6(c) of the 1940 Act to grant exemptions from various provisions of the 
1940 Act and rules thereunder is broad enough to permit orders of 
exemption that cover classes of unidentified persons. Applicants 
request an order of the Commission that would exempt them, Minnesota 
Life's successors in interest, Future Accounts and Future Underwriters 
from the provisions of Sections 2(a)(32) and 27(i)(2)(A) of the 1940 
Act and Rule 22c-1 thereunder with respect to the Contracts. Applicants 
submit that the exemption of these classes of persons is appropriate in 
the public interest and consistent with the protection of investors and 
the purposes fairly intended by the policy and provisions of the 1940 
Act because all of the potential members of the class could obtain the 
foregoing exemptions for themselves on the same basis as the 
Applicants, but only at a cost to each of them that is not justified by 
any public policy purpose. As discussed in the application, the 
requested exemptions would only extend to persons that in all material 
respects are the same as the Applicants. Applicants note that the 
Commission has previously granted exemptions to classes of similarly 
situated persons in various contexts and in a wide variety of 
circumstances, including class exemptions for recapturing bonus-type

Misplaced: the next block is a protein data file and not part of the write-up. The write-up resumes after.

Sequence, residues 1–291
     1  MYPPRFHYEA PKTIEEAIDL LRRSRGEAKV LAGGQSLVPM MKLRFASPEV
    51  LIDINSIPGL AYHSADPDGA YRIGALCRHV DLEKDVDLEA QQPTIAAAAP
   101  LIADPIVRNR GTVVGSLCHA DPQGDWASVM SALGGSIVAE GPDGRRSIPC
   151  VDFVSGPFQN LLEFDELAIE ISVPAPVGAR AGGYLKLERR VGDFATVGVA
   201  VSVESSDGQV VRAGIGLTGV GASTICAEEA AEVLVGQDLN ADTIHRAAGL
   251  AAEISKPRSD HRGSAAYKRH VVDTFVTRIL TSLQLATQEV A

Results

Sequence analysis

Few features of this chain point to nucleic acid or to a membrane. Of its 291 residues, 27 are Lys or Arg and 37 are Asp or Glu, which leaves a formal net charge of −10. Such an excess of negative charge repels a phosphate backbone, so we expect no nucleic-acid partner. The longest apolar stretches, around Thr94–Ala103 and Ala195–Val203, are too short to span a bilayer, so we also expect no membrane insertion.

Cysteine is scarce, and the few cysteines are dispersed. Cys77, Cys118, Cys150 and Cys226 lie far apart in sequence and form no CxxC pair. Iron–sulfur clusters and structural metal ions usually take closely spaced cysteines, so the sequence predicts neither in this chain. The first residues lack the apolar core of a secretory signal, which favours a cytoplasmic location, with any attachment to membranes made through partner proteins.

credits under variable annuity contracts.
    16. Applicants represent that any Future Contracts will be 
substantially similar in all material respects to the New Contracts, 
but particularly with respect to the Credit Enhancements and recapture 
of Credit Enhancements and that each factual statement and 
representation about the Credit Enhancement feature will be equally 
true of any Future Contracts. Applicants also represent that each 
material representation made by them about the Separate Account and SFS 
will be equally true of Future Accounts and Future Underwriters, to the 
extent that such representations relate to the issues discussed in the 
Application. In particular, each Future Underwriter will be registered 
as a broker-dealer under the Securities Exchange Act of 1934 and be a 
member of FINRA.
    17. Based upon the foregoing, Applicants submit that the recapture 
of the proposed Credit Enhancement involves none of the abuses to which 
provisions of the 1940 Act and rules thereunder are directed. The 
contract owner will always retain the investment experience 
attributable to the Credit Enhancement and will retain the principal 
amount in all cases except under the circumstances described herein. 
Further, Applicants assert that Minnesota Life should be able to 
recapture such Credit Enhancement to limit potential losses associated 
with such Credit Enhancements.

Conclusions

    Applicants submit that the exemptions requested are necessary or

[[Page 38260]]

appropriate in the public interest, consistent with the protection of 
investors and the purposes fairly intended by the policy and provisions 
of the 1940 Act, and consistent with and supported by Commission 
precedent. Applicants also submit that the provisions for recapture of 
Credit Enhancements under the Contracts do not violate Section 2(a)(32) 
and 27(i)(2)(A) of the 1940 Act and Rule 22c-1 thereunder.

    For the Commission, by the Division of Investment Management, 
pursuant to delegated authority.
Florence E. Harmon,
Acting Secretary.
[FR Doc. E8-15071 Filed 7-2-08; 8:45 am]
BILLING CODE 8010-01-P